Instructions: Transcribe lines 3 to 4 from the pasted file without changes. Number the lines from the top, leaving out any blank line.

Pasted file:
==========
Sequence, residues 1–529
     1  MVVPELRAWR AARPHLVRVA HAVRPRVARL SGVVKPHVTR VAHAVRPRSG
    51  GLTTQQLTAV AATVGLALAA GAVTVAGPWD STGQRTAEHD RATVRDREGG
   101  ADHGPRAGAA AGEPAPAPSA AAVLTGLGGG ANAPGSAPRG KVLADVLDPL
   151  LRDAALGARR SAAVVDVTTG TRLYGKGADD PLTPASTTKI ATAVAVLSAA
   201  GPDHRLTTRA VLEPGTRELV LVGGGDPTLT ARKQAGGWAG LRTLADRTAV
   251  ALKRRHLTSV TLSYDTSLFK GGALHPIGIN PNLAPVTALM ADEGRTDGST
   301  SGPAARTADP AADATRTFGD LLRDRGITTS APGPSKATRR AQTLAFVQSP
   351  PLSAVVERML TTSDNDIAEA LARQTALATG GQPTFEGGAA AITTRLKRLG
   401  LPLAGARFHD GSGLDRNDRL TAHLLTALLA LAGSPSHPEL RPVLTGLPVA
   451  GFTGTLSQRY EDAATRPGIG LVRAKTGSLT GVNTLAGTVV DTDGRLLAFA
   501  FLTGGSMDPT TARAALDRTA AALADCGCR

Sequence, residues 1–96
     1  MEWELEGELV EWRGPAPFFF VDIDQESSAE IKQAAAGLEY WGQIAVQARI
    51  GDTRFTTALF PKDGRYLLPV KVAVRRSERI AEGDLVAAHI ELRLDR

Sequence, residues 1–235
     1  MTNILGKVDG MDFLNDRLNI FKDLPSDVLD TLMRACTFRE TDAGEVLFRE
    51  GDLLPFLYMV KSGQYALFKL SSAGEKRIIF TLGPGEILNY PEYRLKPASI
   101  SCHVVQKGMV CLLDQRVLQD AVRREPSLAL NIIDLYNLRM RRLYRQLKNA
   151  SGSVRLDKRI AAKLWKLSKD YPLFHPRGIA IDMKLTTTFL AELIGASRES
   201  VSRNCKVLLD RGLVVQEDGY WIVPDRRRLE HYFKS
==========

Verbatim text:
    51  GLTTQQLTAV AATVGLALAA GAVTVAGPWD STGQRTAEHD RATVRDREGG
   101  ADHGPRAGAA AGEPAPAPSA AAVLTGLGGG ANAPGSAPRG KVLADVLDPL